Is it ever right to go against the law of the land?  The established church has traditionally sided with the State throughout its history.  Is this always right?  The Gospel reading this week is the account of the trick question put to Jesus by the religious leaders about paying taxes to Caesar.

Up to this point Jesus has been attacking the Jewish leaders (the parable of the two sons, the parable of the tenants and the parable of the wedding banquet) so it was natural to expect retaliation from the religious authorities.  This counterattack comes in the form of a carefully framed question designed to discredit Jesus.  Let us be clear, that is all it was – there was no theological interest.  Interestingly the religious leaders were so determined to destroy Jesus that they sided with the Herodians (supporters of the Roman puppet king, king Herod).  Normally these two groups would fight against each other (religious versus secular) but they were united when it came to trying to get rid of Jesus.  There was a whole raft of legalistic and political meaning in this question with which we may be unaware.  For example, if Matthew’s Gospel was written after the destruction of the Temple in AD70, then the Temple tax would no longer go towards the Temple in Jerusalem but, by decree of Caesar, to the temple of Jupiter Capitolinus in Rome.  You can imagine therefore how much Roman taxes were despised.  However, Jesus is wise.  Jesus seldom laid down rules and regulations which would have only been relevant to a specific context but, rather, he lays down principles.  That is why Jesus’ teaching is not out of date.  What does Jesus tell us?  Basically, every Christian person has a double citizenship.  Firstly, she or he is a citizen of the country where live.  A Christian should pay taxes, uphold the law, and contribute to the prosperity of the State.  She or he must be a good citizen who is fully immersed in the administration of that country – rather than leave it all to irreligious people.  The Christian must ‘give to Caesar’ in return for the privileges of communal education, health, transport, social security, defence etc.  However, secondly, the Christian is also a citizen of heaven.  There will be matters of conscience and principle where the Christian is accountable to God.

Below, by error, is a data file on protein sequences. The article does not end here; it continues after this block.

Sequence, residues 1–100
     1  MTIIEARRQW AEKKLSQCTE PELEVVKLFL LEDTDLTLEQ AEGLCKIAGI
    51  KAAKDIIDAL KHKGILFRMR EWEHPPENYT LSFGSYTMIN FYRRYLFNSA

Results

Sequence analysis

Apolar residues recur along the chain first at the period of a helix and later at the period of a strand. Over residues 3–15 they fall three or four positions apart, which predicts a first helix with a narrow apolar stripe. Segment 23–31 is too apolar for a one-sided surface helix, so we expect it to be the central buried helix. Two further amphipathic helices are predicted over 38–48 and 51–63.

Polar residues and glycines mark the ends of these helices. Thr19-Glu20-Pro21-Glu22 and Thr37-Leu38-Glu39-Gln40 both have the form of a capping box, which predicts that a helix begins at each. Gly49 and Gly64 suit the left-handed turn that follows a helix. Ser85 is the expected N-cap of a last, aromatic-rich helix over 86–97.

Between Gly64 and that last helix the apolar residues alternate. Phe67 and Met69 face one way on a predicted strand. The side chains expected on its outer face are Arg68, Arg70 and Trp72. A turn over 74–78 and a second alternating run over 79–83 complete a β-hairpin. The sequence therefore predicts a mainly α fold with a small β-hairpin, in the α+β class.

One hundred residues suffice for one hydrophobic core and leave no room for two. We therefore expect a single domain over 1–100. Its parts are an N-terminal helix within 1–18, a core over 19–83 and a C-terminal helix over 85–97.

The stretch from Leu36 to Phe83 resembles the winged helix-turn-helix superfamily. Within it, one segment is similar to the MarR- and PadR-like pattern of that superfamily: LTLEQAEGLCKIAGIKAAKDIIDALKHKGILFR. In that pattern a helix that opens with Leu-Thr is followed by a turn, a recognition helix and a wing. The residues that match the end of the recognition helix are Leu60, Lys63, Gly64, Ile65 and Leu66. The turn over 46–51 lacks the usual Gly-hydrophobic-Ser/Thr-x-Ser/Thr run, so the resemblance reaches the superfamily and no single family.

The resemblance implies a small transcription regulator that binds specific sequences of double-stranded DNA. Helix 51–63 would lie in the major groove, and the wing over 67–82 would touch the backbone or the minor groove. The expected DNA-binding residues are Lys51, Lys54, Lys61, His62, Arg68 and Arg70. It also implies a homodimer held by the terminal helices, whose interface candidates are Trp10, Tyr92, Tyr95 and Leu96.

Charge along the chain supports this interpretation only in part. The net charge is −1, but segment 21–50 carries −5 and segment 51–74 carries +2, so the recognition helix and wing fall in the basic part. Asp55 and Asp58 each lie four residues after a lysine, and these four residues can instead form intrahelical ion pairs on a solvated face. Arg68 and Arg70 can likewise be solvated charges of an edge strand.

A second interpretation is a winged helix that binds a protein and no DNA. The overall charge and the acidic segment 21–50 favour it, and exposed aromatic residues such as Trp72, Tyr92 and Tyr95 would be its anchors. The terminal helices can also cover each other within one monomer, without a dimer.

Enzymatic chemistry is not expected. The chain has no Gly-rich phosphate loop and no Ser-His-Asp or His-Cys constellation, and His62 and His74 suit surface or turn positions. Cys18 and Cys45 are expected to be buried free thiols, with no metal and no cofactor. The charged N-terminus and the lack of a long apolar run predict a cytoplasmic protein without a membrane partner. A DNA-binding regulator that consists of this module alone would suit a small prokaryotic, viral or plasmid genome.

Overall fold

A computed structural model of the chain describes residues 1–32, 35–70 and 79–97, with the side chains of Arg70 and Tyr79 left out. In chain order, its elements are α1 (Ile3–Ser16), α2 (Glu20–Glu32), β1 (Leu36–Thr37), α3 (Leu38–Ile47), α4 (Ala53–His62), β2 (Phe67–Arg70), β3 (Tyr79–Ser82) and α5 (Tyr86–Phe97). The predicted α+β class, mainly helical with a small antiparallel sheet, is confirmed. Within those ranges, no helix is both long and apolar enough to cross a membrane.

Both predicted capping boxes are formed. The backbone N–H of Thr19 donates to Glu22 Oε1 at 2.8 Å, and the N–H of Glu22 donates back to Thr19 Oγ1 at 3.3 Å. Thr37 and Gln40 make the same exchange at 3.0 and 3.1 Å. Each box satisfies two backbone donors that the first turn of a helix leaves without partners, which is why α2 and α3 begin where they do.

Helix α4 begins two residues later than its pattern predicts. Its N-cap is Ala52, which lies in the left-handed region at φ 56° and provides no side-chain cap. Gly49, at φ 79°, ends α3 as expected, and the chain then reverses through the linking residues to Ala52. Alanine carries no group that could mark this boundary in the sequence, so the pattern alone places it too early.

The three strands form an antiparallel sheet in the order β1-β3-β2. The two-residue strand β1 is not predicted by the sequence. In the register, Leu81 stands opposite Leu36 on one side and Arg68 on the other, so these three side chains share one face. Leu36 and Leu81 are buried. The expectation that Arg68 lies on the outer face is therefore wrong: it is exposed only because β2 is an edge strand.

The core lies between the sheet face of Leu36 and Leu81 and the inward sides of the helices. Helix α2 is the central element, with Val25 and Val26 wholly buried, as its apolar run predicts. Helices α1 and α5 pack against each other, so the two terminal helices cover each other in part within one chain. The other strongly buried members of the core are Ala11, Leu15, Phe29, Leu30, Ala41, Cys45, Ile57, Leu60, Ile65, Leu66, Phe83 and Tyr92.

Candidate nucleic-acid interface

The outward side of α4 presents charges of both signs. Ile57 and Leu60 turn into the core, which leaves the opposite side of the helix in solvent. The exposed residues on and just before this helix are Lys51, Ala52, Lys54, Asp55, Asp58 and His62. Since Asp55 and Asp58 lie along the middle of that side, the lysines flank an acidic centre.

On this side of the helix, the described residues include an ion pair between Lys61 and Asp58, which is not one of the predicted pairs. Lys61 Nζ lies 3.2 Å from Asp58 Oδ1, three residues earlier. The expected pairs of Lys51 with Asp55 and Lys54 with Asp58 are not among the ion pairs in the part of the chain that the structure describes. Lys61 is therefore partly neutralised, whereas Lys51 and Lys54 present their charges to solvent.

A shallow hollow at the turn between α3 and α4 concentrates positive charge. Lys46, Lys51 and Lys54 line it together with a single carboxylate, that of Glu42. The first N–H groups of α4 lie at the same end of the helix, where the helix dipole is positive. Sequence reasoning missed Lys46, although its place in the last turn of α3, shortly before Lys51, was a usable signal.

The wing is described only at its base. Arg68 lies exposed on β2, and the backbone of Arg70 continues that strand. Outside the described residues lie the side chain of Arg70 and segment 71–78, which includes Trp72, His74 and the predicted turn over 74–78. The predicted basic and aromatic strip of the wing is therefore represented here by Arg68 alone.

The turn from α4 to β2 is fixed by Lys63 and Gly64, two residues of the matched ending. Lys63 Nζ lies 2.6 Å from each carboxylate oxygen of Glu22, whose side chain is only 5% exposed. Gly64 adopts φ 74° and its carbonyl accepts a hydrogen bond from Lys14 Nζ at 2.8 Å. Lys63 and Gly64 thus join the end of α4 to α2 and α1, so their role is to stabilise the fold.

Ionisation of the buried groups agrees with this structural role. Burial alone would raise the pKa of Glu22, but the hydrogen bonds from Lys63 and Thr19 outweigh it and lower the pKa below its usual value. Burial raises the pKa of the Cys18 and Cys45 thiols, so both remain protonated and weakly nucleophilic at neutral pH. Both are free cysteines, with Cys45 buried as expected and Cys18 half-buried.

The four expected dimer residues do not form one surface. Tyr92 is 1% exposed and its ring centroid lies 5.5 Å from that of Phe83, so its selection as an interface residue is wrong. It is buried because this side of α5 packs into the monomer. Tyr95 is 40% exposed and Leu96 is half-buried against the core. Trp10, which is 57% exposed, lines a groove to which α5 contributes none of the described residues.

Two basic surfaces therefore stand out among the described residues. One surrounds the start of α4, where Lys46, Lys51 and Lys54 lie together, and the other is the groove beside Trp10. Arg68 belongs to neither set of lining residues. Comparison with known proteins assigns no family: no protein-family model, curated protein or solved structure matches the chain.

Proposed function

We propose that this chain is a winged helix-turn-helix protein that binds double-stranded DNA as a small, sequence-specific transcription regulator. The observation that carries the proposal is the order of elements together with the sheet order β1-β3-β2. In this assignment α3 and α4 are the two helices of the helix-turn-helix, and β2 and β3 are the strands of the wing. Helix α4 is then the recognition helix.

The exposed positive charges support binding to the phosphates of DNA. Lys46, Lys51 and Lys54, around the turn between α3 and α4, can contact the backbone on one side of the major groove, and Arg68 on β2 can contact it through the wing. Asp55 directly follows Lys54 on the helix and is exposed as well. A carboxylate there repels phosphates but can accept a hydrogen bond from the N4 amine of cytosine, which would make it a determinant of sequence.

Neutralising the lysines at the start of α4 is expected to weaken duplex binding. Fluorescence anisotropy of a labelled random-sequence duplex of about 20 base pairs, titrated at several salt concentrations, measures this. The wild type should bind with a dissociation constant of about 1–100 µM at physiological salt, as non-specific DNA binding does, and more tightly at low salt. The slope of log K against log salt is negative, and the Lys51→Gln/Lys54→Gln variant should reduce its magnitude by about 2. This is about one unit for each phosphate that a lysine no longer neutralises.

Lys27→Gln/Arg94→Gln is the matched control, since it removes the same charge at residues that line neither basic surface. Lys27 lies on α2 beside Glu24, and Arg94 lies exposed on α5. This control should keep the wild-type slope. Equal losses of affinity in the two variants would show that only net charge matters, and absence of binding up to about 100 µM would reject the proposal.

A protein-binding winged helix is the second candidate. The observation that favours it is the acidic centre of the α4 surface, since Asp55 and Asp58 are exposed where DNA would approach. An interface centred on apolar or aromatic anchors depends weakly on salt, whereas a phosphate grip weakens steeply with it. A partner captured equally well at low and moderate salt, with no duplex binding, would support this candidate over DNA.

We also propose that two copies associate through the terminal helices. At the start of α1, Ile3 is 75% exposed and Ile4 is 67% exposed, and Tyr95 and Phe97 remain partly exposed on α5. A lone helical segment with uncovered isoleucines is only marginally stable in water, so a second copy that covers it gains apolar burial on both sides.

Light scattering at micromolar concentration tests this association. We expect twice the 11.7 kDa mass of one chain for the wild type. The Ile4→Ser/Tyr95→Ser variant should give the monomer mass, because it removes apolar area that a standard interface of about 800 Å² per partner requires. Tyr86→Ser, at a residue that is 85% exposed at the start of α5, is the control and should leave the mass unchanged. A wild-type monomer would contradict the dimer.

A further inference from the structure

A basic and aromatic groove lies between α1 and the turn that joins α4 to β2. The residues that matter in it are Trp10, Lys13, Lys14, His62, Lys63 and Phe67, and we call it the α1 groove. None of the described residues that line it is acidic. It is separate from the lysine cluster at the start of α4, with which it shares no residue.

Is it right to go against the law of the land?  For many of us, the two citizenships above may never clash.  What the State decrees is in line with the Gospel.  Where there is a clash, the Christian should, as always, put God first.  Where does the boundary lie?  Jesus does not say but, rather, leaves it to the personal conscience of the individual Christian.

Old Testament reading for this week: Exodus 33:12-23

Gospel reading for this week: Matthew 22:15-22

Epistle reading for this week: 1 Thessalonians 1:1-10

Psalm for this week: Psalm 99